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Understanding distracted driving is key to improving driver safety

Understanding distracted driving is key to improving driver safety (Photo: Jim Allen/FreightWaves)

A study by artificial intelligence startup Nauto surfaced this week explaining the perils of distracted driving and shedding light on the frequency of accidents occurring due to road distractions. The study also provides possible ways distracted driving can be countered through the use of technology.

To start, Nauto’s study claims that the numbers quoted by the National Highway Traffic Safety Administration (NHTSA) are underestimated. According to Nauto, NHTSA reports that there are an average of nine distracted driving casualties daily on U.S. roads.

“There are many studies on distracted driving, and the numbers vary quite widely. That is primarily because most of our traffic data here in the U.S., and also in other Western countries, is based on police-reportable collisions,” said Jennifer Haroon, the chief operating officer at Nauto. “For one, not all collisions are serious enough to be reported to the police. And two, when people are in a collision, even if distracted driving was one of the mitigating factors, they normally don’t volunteer and report it to the police.”

This makes the numbers quite inconclusive, though intuitively, most people understand distracted driving to be highly consequential. Concern related to the issues has led trucking fleets to create a variety of training programs for their drivers, emphasizing on the need to stay focused on the road while driving. This could also be evidenced through the National Safety Council’s initiative of announcing the month of April as the ‘distracted driving awareness’ month.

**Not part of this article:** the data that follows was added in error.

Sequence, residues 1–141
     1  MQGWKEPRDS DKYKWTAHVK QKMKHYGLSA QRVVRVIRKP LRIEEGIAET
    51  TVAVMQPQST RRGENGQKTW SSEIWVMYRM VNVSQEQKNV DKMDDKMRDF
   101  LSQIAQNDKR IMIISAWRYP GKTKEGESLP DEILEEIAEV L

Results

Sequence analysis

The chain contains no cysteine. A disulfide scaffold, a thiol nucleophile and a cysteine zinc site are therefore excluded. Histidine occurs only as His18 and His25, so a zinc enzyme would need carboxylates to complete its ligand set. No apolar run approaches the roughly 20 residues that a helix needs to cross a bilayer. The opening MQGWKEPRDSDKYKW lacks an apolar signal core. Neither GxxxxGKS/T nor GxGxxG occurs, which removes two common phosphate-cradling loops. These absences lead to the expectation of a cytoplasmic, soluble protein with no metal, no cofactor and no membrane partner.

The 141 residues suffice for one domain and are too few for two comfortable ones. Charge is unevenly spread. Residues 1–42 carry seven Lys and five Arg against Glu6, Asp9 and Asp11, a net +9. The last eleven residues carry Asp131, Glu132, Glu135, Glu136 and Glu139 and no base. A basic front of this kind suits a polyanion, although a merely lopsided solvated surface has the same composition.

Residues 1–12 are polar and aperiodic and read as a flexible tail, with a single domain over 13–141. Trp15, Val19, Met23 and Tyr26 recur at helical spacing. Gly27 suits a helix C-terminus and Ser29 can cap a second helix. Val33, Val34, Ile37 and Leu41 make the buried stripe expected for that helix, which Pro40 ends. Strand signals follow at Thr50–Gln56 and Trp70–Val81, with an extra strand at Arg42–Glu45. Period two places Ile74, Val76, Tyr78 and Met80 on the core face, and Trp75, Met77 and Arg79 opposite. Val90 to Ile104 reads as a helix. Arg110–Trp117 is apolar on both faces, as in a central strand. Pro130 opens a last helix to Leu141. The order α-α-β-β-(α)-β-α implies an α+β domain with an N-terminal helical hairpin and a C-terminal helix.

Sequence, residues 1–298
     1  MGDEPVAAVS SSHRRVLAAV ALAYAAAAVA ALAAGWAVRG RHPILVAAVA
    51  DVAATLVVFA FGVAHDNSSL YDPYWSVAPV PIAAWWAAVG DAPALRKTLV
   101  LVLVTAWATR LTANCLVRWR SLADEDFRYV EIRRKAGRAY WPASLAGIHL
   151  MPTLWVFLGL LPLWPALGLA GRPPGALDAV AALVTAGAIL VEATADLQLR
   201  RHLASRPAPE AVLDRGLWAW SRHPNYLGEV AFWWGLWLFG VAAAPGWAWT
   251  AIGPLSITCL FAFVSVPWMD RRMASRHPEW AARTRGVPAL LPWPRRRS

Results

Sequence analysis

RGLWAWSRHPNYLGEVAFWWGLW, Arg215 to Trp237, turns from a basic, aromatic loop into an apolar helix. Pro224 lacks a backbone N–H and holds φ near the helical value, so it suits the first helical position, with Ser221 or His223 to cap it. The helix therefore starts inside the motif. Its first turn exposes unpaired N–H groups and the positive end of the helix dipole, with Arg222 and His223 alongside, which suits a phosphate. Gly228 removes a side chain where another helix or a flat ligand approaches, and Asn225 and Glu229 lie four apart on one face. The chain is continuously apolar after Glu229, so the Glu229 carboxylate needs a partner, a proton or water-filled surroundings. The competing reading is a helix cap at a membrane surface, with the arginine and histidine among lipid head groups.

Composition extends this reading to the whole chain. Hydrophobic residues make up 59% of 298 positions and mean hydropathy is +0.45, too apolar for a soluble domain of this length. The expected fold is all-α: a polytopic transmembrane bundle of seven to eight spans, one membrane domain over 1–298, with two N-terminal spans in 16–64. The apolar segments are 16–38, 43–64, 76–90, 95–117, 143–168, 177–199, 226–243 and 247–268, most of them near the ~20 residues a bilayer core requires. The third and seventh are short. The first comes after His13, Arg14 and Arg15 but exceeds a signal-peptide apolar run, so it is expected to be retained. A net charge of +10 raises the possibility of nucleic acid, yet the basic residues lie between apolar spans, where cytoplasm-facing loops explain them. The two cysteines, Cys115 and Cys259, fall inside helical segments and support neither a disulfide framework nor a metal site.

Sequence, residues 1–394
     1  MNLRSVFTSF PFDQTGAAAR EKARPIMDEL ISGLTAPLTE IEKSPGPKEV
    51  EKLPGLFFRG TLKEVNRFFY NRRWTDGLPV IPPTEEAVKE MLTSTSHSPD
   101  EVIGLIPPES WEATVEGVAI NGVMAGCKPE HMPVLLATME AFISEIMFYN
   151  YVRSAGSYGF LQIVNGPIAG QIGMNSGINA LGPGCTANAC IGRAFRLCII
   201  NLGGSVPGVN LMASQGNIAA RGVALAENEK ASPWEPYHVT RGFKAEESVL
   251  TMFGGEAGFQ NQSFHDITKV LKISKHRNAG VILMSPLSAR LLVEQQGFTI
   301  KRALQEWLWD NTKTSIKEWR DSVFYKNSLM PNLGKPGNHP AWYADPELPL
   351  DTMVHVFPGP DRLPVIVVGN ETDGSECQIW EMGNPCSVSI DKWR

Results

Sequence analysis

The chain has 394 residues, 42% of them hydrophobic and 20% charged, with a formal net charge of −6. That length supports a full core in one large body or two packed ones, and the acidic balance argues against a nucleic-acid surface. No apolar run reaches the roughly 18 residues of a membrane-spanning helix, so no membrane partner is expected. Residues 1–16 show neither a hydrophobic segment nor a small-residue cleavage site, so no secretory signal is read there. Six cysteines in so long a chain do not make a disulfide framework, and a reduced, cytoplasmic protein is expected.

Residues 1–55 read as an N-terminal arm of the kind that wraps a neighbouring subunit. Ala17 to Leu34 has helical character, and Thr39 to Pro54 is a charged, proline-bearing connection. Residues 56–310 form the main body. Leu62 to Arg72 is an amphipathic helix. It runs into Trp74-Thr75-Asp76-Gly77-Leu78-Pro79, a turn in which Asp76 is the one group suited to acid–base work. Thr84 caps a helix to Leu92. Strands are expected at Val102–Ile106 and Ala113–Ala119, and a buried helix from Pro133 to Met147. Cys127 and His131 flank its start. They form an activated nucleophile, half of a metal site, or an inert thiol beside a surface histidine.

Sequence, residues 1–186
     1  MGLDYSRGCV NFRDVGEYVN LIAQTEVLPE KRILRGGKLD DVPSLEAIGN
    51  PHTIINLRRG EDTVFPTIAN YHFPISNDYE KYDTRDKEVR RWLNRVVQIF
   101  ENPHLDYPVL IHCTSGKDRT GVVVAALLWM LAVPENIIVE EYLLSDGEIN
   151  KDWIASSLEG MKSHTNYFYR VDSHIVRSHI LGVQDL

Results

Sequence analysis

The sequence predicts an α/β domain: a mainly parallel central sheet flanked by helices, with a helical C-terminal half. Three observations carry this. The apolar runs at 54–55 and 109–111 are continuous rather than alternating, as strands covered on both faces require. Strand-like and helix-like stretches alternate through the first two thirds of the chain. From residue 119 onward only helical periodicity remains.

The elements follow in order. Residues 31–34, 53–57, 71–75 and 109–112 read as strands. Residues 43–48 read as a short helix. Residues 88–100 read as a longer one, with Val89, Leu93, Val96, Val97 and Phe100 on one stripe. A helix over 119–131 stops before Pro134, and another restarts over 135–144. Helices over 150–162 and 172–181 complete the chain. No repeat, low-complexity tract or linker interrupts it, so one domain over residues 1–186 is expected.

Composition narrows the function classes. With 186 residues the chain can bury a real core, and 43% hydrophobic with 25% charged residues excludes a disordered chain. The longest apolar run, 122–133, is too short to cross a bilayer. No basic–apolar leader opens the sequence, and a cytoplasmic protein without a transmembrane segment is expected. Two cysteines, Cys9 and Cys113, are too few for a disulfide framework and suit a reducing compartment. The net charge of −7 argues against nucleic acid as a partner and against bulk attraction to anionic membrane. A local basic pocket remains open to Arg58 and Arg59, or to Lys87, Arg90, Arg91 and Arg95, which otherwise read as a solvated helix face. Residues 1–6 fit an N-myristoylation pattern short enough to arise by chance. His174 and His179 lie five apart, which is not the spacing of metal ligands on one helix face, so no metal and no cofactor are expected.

“Last year, we did a study with one of our insurance partners, and found that in a population of commercial fleet drivers using Nauto, that over 70 percent of collisions involved distracted driving,” said Haroon. “Our data pretty consistently shows that mobile phones are one of the primary reasons for distracted driving. Distraction can also be for various other reasons – like people doing paperwork in the cab, eating, drinking or even talking with others in the vehicle.”

Haroon explained that the first step to driving change within the industry was for fleet managers to acknowledge that distracted driving is a valid problem. She also advocated for the use of technology-based tools that give fleet managers video evidence and insights into driver behavior, which can be leveraged to help train drivers.

Though traditional telematics do help identify problems like hard braking, hard acceleration, idling, and even some forms of collision, they did little to help understand the issue of distracted driving. For example, a hard braking event could be due to two distinct incidents – for example, it could be because the driver was cut off by a bicycle and had to brake hard because that was the safest thing to do, or because the driver was distracted and happened to look up just in time to see traffic in front of the truck and thus slammed on the brakes.

“With traditional telematics, you will not get an answer to this. However, with the addition of cameras, you get added context on hard braking incidents. Computer vision and deep learning enable you to have real-time detection and provide real-time coaching to drivers on such events,” said Haroon.

Technology has improved substantially over the last decade, with artificial intelligence-based tools helping weed out dangerous driving practices and creating behavioral change among drivers. Haroon contended that Nauto’s in-cabin, real-time alerts helped decrease distraction by 40 percent on average, with even the bottom 10 percent witnessing considerable improvement.

“I think it is awesome that we can use technologies that we initially maybe thought were only going to be for automated vehicles, but we can use them today to help improve road safety for everyone,” said Haroon.